Forget the flowers. Nevermind the dress. Put your vows to the side. By the far the most fickle question you’ll come up against when you’re planning a wedding is this: who actually needs a plus-one? Actually scratch that. The question should be ‘does anyone actually need a plus one’? If that question made you so uncomfortable you’re on the verge of being queasy, welcome to being a bride. Not wanting to get labelled a ‘Bridezilla‘ but also not wanting to pay for a literal stranger to attend your wedding is the fine line most brides treads. TBF some grooms deal with it too but, you know, the patriarchy exists, ladies. You’ve never heard of a Groomzilla, have you? Yeah didn’t think so, but that’s a different blog. Right now we’re talking about wedding plus-one etiquette and the stress that comes with it. So, who actually gets one? Here are one bride’s thoughts.
Should your wedding party get plus ones?
If there’s anyone who should be at the top of your plus one list, it’s your bride tribe. They’ve already invested a considerable amount of time (and money!) into your wedding a plus one is a small way to say thank you. That being said, unless they’re in a serious relationship they’ll probably decline anyway.
What does tradition say?
Tradition dictates no ring, no bring. However, as is the case with most wedding traditions, we’re living in the 21st century and this idea is relatively redundant. Not everyone gets married, not everyone lives with their partner. That shouldn’t (and doesn’t) determine the weight of their relationship.
If you’ve never met your coworker’s husband or wife, there shouldn’t be the assumption that you’ll invite them. They’ll know other people at the wedding, and if they don’t, they can always make new friends. However, expect there to be a few ruffled feathers. But, the thing is, a wedding is about the couple getting married, and the people who mean the most to them. If you don’t know one of your friend’s partners, they are not people who would have been invited on their own, so take that as a major indicator.
Whatever you do in this instance you need to be consistent. You can’t let one friend bring her partner if you aren’t going to do that for all your friends. That’ll only cause headaches when they mention it after the wedding. In other words, insult everyone equally. That way you’ve set the boundaries and there is less grey area for people to get their knickers in a twist about.
But what if I’m having a destination wedding?
Almost all rules of plus one etiquette go out the window with destination weddings. A lot of the time you’ve had to whittle down your guest list to the bare bones already. So why would you extend an invitation to someone you don’t know in place of someone you do?
Chances are if you’re having a destination wedding, you’ll be at whichever beautiful locale you’ve chosen for at least five days. You don’t want to spend those five days getting to know someone new. If your friend was hoping to use your wedding as the launch point for a couples vacay, there’s no reason their partner can’t fly over and meet them once the wedding is done.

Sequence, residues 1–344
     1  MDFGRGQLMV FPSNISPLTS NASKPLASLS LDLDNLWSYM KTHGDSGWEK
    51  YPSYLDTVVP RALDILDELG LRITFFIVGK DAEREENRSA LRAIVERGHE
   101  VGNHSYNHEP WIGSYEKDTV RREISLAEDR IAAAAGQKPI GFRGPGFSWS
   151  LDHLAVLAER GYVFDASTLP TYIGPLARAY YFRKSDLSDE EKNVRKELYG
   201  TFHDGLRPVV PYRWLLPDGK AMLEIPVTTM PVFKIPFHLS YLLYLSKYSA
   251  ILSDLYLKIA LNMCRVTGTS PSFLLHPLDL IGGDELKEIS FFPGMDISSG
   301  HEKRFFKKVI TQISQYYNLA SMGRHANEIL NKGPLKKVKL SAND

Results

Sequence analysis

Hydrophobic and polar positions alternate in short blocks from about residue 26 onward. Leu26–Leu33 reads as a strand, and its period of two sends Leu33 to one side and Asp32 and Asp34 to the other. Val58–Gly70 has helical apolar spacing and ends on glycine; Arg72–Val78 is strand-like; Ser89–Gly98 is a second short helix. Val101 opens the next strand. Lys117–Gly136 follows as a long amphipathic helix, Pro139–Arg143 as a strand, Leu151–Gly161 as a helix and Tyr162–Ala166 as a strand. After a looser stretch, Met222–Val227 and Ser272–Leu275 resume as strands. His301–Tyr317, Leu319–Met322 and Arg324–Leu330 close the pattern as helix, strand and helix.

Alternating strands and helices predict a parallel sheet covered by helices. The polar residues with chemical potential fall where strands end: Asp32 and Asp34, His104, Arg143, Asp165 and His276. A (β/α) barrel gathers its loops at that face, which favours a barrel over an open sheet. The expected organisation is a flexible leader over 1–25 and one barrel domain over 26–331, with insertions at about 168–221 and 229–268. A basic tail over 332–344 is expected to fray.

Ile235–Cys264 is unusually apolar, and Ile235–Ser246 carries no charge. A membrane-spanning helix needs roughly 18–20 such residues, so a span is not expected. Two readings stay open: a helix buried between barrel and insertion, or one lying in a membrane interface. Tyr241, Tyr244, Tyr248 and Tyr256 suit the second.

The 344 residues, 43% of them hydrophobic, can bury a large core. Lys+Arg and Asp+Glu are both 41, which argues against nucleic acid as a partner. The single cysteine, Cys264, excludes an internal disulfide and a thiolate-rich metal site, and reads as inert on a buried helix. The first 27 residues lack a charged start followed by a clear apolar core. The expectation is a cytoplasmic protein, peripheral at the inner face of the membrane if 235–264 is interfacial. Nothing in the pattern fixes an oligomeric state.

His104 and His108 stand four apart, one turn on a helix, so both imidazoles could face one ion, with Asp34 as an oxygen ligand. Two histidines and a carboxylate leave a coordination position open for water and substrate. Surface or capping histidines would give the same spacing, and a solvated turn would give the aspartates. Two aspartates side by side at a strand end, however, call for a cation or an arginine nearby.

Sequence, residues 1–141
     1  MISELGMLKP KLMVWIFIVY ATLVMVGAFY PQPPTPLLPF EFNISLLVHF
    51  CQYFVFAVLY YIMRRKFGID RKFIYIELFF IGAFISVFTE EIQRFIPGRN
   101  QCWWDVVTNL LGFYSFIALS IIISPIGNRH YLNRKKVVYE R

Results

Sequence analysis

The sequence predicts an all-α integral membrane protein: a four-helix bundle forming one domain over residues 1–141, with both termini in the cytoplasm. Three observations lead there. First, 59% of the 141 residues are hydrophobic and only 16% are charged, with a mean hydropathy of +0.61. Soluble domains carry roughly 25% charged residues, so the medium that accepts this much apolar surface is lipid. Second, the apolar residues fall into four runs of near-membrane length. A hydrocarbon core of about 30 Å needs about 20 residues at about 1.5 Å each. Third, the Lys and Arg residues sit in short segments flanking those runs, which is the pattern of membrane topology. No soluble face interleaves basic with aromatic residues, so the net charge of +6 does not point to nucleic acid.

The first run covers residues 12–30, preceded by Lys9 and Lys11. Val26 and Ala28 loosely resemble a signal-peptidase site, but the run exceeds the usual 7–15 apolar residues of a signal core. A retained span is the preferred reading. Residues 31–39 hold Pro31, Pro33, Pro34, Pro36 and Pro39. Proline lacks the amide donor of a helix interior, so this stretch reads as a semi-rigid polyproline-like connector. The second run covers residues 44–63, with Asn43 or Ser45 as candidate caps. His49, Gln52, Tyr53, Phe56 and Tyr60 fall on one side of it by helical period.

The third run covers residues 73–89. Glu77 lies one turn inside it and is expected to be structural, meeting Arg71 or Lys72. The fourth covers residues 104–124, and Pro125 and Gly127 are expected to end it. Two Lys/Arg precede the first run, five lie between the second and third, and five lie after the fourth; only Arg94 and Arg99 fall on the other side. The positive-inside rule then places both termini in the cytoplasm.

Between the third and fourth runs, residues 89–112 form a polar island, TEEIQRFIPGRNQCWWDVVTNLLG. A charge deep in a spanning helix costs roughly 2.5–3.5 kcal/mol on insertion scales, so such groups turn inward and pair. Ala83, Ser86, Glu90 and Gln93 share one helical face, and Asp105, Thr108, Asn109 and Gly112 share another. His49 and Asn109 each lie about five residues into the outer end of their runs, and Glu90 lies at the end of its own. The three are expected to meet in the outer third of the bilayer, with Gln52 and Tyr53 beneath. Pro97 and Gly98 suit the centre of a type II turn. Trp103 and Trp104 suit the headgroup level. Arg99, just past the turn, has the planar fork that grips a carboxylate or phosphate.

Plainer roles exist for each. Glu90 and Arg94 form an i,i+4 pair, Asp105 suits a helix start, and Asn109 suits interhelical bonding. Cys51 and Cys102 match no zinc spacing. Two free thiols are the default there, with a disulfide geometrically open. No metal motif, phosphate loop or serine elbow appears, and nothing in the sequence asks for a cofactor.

But what if I just don’t want to?
Then there’s your answer. Sure your friends might be miffed, but it’s your wedding and you don’t need to justify your decision. If you think there’s someone who would bail on your wedding altogether if they couldn’t bring a plus one, maybe you need to reconsider their invite too. You’re not being petty. Your wedding is about you and your spouse-to-be and if you don’t want to spend hundreds of dollars on someone you hardly know, you don’t have to. Your friend will survive a night without their significant other.
What have other brides said?
I get it. You want some real-world examples of brides who’ve done the hard ask and lived to tell the tale. We quizzed a couple of the Showpo HQ brides and this is what they said.
“I basically ruled out anyone who I hadn’t met (I know that sounds obvious but it’s not always the case with plus ones!) Ours was a very intimate destination wedding and we really wanted our ‘friend family’ only. It’s a whole week you’ll be spending with everyone vs just one night like a normal wedding, so I really didn’t want to have to get to know anyone new. The time is too precious.” – Nathalie, Campaign Manager
“People can suck a dick. That’s my pearl of wisdom. You don’t want to meet someone at your wedding and if you barely know someone, you shouldn’t be made to feel obliged.” – Kelly, Content Kween
“I decided based on how often I see their partner or how close I am to that person. Overall any relatives or close friends would get a plus one.” – Tanya, Graphic Designer
Hoping all my friends read this and take a hint, Emma Roffey